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Martin v. Smith

United States District Court, W.D. Michigan, Southern Division

January 10, 2017

ROSCOE MARTIN, Petitioner,
WILLIE O. SMITH, Respondent.



         This is a habeas corpus action brought by a state prisoner under 28 U.S.C. § 2254. Promptly after the filing of a petition for habeas corpus, the Court must undertake a preliminary review of the petition to determine whether “it plainly appears from the face of the petition and any exhibits annexed to it that the petitioner is not entitled to relief in the district court.” Rule 4, Rules Governing § 2254 Cases; see 28 U.S.C. § 2243. If so, the petition must be summarily dismissed. Rule 4; see Allen v. Perini, 424 F.2d 134, 141 (6th Cir. 1970) (district court has the duty to “screen out” petitions that lack merit on their face). A dismissal under Rule 4 includes those petitions which raise legally frivolous claims, as well as those containing factual allegations that are palpably incredible or false. Carson v. Burke, 178 F.3d 434, 436-37 (6th Cir. 1999). After undertaking the review required by Rule 4, the Court will dismiss the petition without prejudice for failure to exhaust available state-court remedies.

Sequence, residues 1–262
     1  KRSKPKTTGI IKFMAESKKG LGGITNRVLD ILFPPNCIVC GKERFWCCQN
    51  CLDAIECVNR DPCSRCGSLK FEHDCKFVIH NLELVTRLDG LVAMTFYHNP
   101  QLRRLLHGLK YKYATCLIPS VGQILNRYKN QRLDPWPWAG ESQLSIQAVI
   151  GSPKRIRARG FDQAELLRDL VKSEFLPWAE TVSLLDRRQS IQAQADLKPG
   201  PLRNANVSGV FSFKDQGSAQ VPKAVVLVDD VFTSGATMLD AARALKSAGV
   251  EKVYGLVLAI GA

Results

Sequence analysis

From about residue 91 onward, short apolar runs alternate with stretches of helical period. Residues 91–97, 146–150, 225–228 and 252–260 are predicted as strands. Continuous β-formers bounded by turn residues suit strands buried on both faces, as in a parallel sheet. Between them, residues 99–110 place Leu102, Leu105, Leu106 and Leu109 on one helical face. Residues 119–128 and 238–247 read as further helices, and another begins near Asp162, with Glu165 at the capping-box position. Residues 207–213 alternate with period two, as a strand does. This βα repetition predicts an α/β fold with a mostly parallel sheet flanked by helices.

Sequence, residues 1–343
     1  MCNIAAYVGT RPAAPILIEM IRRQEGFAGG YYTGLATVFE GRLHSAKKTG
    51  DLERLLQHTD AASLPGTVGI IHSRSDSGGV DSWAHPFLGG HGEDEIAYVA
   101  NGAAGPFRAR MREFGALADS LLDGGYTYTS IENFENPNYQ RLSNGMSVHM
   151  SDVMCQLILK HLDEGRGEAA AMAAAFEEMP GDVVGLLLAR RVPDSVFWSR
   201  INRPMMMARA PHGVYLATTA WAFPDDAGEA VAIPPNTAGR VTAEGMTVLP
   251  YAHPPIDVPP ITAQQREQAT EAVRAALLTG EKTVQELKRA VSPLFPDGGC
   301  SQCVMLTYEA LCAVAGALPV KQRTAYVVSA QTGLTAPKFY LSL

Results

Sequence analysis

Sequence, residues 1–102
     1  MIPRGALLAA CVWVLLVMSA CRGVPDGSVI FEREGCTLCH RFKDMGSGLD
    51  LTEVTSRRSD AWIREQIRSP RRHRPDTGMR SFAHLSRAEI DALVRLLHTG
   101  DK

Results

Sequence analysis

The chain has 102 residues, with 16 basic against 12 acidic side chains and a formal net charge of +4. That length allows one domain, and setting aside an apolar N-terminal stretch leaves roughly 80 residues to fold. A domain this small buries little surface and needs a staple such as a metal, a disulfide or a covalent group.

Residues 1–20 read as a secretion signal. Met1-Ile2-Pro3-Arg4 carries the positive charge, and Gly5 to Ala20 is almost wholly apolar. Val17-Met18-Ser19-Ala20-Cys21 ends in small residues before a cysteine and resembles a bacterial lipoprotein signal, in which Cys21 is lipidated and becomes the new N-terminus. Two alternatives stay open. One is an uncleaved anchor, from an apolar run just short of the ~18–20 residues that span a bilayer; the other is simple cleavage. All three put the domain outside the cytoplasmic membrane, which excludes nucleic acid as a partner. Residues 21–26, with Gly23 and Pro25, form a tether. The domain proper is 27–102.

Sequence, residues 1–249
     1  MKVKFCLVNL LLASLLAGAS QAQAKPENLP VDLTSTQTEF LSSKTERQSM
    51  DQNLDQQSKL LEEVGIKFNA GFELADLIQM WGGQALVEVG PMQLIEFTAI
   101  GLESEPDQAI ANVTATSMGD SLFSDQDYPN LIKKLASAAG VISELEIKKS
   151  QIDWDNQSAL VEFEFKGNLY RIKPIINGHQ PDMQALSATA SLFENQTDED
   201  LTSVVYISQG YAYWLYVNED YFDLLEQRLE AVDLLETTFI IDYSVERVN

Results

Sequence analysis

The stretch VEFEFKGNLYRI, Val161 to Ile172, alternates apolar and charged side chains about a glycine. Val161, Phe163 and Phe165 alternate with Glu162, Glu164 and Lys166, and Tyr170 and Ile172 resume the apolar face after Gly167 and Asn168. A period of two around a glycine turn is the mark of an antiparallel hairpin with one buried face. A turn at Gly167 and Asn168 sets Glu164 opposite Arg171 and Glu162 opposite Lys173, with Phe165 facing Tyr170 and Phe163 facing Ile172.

I. Factual allegations

         Petitioner Roscoe Martin presently is incarcerated with the Michigan Department of Corrections (MDOC) at the Ionia Correctional Facility in Ionia, Michigan. He is serving a sentence of 50 to 76 years imposed on October 16, 1989 following his jury conviction for second-degree murder in the Genessee County Circuit Court. When he has completed serving that sentence, he will begin serving a sentence of 7 to 30 years imposed on November 27, 2013 following his Marquette County Circuit Court jury conviction for extortion, in violation of Mich. Comp. Laws § 750.213. The instant petition challenges the constitutionality of the Marquette County conviction and sentence.

         The facts underlying Petitioner's extortion were set forth by the Michigan Court of Appeals as follows: